Film music making steady inroads into symphony orchestra repertories
In a recent article in Variety, more and more prestigious orchestras are offering of music written for motion pictures a part of their regular season concert offerings. In addition to more concerts conducted by film composers, film music concerts are now a part of the seasons of the Cleveland, Seattle, Dallas, and Chicago symphony orchestras. Sometimes film is shown as the music is performed, but increasingly the music is performed as specially scored concert suites, moving the music beyond the traditional pops concert presentation and into the domain now dominated by the music heard in traditional music appreciation classes.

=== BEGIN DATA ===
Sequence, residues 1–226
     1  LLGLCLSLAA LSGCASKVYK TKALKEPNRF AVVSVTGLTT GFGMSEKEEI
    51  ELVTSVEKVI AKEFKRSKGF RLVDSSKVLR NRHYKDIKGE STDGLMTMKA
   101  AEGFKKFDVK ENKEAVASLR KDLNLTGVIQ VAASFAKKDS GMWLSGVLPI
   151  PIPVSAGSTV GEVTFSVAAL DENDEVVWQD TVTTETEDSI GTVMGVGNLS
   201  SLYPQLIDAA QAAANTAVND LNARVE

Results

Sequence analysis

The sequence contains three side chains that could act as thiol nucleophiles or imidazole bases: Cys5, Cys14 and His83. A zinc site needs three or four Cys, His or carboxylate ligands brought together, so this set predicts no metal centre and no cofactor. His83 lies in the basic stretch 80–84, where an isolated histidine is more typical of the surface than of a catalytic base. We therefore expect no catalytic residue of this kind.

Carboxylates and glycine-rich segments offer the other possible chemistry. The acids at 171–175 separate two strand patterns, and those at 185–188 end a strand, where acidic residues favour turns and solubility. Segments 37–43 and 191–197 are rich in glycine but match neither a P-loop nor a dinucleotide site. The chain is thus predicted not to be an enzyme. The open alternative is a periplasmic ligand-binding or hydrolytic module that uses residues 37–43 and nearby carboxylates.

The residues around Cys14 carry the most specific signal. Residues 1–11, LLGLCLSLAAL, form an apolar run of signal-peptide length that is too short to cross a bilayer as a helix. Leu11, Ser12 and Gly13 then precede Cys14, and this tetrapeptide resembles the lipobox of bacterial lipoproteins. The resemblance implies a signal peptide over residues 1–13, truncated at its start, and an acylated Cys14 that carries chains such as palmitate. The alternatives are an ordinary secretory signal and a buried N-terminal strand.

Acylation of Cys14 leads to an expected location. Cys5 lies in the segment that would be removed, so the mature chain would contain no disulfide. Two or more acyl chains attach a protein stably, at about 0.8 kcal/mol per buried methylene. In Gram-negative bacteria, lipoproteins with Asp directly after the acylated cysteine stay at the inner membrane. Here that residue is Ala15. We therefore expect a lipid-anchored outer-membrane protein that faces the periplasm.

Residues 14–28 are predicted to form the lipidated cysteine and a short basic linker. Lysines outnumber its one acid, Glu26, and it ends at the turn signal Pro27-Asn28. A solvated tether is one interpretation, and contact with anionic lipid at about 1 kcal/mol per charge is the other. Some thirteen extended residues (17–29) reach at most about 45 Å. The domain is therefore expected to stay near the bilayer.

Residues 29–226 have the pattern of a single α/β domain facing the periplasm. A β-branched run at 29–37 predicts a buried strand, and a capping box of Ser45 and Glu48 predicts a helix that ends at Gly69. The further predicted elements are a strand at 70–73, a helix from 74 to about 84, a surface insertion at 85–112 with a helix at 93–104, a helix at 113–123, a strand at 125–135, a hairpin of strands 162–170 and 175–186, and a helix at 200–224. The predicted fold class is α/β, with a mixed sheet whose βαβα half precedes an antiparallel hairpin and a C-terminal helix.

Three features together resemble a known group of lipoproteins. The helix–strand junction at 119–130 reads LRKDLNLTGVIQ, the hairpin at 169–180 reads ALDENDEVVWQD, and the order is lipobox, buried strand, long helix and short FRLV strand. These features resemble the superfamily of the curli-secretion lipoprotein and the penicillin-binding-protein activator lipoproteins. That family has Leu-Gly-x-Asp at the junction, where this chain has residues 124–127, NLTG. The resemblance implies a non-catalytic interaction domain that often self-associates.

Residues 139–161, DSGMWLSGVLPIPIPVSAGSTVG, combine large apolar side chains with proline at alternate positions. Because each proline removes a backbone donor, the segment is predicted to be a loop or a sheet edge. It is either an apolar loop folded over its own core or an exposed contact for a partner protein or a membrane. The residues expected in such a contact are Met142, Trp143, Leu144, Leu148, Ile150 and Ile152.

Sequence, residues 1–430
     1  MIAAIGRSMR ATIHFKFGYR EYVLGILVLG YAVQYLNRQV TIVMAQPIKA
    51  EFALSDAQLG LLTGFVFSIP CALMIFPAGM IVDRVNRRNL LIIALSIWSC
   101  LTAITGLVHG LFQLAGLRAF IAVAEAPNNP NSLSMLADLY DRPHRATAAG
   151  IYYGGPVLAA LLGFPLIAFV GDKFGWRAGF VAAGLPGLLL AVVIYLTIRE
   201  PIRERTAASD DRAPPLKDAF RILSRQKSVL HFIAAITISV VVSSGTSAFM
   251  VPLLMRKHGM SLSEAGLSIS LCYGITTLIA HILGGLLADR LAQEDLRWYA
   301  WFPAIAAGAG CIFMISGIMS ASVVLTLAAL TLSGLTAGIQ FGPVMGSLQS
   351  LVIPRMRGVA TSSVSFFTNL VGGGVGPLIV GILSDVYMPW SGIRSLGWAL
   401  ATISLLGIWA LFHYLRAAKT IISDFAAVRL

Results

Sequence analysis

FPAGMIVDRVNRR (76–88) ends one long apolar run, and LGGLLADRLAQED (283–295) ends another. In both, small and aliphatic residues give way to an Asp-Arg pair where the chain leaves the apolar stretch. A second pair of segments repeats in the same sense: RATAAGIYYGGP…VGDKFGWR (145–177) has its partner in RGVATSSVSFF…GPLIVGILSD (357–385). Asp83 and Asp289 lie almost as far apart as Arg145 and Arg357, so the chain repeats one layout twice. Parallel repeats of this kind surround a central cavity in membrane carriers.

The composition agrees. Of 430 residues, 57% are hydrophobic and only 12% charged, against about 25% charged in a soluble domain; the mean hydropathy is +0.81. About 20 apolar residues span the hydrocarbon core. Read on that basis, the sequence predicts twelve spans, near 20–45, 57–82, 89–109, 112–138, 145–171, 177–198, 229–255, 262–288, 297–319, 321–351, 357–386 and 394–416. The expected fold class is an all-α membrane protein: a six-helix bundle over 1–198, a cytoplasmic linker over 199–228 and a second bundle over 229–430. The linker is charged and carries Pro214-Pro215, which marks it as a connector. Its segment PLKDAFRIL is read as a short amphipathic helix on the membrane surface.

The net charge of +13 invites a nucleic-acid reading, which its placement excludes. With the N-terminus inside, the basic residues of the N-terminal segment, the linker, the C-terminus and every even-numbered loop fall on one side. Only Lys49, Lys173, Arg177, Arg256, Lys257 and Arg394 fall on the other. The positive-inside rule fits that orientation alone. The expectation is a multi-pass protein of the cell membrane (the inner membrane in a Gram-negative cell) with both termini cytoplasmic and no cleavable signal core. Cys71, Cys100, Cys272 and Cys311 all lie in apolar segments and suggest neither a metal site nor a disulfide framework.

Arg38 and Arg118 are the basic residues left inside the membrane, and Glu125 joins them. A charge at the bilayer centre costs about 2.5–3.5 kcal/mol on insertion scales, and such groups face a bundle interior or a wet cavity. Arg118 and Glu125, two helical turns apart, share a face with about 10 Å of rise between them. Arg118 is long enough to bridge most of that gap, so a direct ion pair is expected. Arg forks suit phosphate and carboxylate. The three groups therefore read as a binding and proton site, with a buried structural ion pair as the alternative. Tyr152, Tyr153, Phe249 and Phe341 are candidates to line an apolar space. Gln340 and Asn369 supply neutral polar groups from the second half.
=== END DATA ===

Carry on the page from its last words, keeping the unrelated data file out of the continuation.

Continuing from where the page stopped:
On a practical level, say many observers, movie-music programs attract new audiences and therefore much-needed revenue. “People come to these concerts who have never been to the concert hall,” says Richard Kaufman, who will conduct the Dallas Symphony in a program of Texas-themed film music (“Giant,” “The Alamo”) this weekend at Meyerson Symphony Center. “They are drawn by the (movie) titles and the program. So in a sense, it’s helping to create new concertgoers who will come back to hear the great classical works — just because of the experience of hearing a symphony orchestra play film music.”
“Live at Lincoln Center” producer John Goberman has launched a series, “A Symphonic Night at the Movies,” that showcases the music while the films are screened. He has staged “The Wizard of Oz” with live music; the “Psycho” concert is his idea, while a recent performance at the Bowl featuring clips from Rodgers & Hammerstein musicals conducted by Newman was done under his guidance.
Read the full story in Variety.